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What should you expect during the procedure for artificial insemination?

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The process of "washing" the sperm in a lab removes chemicals in the semen that may cause discomfort for a woman, and raises the chances of getting pregnant. Technicians liquefy the sperm at room temperature for 30 minutes and add a harmless chemical to separate out the most active sperm. They use a centrifuge to collect the best sperm. Those are placed in a thin tube called a catheter and put through your vagina and cervix into the uterus. Artificial insemination is short and relatively painless. Many women describe it as similar to a Pap smear. You may have cramping during the procedure and light bleeding afterward. Your doctor will probably have you lie down for about 15 to 45 minutes to give the sperm a chance to get to work. After that, you can get back to your usual activities. In some cases, before you have the procedure, your doctor will place you on fertility drugs, such as clomiphene citrate (Clomid). This helps your body ovulate multiple eggs.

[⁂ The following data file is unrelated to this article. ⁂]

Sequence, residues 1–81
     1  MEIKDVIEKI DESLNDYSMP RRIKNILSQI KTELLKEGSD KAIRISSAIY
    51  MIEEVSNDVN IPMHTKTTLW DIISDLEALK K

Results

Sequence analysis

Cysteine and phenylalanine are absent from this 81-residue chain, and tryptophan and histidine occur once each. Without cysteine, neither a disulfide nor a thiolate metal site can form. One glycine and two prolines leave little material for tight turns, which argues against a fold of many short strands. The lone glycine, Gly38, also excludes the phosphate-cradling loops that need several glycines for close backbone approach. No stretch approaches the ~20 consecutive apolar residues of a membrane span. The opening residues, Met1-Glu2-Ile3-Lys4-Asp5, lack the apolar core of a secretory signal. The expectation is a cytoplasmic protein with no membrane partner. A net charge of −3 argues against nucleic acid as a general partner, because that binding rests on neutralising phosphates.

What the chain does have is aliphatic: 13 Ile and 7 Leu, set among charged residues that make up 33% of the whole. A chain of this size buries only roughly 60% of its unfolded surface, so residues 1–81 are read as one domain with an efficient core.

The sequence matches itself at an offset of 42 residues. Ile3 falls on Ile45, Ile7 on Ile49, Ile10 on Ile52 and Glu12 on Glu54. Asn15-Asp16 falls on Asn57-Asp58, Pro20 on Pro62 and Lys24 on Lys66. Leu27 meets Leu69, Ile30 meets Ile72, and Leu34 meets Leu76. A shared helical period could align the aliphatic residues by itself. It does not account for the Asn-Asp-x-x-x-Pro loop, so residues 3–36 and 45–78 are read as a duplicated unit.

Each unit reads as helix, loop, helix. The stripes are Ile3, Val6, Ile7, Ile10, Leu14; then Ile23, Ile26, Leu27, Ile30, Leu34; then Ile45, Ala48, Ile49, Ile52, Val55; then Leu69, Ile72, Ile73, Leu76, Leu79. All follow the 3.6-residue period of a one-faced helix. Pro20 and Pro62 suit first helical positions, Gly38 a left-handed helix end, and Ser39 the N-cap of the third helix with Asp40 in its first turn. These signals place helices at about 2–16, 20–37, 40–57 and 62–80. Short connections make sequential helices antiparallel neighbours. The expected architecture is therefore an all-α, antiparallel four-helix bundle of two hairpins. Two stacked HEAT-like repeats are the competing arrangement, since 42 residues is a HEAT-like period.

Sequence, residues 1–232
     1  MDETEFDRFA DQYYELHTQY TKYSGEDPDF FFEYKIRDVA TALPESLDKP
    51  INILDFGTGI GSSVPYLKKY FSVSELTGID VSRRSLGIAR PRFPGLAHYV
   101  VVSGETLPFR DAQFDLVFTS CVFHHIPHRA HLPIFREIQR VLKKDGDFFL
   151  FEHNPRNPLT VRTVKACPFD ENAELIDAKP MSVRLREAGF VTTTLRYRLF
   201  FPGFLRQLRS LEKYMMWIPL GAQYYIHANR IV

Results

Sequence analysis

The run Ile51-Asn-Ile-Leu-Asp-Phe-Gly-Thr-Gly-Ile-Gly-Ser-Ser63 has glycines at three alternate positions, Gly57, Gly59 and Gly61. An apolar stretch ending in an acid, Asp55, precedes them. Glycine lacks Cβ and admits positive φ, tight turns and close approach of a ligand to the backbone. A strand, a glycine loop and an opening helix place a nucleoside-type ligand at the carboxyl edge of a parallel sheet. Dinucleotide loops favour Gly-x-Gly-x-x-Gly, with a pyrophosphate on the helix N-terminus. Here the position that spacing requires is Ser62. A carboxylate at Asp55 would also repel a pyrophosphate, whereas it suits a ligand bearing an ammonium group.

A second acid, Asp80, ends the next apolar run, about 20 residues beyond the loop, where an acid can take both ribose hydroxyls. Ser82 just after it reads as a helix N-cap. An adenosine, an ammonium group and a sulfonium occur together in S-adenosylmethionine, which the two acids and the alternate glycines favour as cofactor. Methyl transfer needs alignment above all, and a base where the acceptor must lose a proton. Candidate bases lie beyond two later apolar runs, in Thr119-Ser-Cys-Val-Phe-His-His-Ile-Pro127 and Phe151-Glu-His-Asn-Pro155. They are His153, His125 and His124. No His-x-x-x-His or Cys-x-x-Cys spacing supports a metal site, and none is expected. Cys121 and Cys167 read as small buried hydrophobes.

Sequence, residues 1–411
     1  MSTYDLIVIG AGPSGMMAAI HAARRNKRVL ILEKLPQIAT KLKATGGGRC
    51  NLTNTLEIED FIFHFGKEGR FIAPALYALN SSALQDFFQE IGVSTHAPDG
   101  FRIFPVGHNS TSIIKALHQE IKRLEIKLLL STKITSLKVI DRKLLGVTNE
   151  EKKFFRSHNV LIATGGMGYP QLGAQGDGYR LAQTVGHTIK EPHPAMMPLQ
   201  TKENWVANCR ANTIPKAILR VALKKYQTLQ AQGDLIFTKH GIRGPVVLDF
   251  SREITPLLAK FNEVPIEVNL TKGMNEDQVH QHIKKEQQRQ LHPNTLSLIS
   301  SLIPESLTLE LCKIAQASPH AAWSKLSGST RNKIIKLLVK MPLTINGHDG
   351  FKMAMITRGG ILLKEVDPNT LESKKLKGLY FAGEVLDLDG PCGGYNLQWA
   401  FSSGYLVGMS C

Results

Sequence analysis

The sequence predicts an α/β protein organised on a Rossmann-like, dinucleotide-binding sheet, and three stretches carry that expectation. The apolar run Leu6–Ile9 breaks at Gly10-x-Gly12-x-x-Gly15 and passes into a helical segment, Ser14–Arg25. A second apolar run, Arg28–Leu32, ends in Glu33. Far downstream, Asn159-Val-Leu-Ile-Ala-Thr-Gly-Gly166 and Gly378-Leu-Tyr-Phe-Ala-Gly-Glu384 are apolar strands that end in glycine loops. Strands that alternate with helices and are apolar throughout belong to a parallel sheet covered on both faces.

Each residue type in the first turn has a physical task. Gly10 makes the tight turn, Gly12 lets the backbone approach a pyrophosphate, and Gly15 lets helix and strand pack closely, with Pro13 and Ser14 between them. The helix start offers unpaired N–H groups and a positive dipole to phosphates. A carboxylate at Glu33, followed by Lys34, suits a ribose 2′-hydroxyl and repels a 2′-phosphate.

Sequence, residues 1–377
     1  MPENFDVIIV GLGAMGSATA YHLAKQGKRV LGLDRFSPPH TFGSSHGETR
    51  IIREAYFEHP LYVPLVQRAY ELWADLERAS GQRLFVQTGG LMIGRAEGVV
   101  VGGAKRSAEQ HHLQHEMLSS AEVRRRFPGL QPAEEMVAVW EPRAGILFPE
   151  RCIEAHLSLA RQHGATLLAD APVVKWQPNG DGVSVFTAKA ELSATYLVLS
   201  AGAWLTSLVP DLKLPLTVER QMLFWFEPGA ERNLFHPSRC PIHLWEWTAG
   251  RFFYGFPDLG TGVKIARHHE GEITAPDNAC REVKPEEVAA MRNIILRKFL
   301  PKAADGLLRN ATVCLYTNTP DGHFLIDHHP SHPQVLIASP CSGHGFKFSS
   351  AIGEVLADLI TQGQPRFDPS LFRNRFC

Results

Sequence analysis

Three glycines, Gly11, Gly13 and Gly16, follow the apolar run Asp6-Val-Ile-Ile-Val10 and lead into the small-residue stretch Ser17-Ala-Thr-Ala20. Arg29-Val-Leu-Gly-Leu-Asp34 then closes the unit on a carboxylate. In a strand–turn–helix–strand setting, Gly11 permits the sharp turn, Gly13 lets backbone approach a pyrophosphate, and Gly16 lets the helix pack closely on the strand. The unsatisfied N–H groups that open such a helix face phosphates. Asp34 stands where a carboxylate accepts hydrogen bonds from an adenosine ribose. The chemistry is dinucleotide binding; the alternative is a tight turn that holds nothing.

Reviewed by Nivin Todd on July 12, 2017
Reviewed by Nivin Todd on July 12, 2017

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What are the success rates for artificial insemination?

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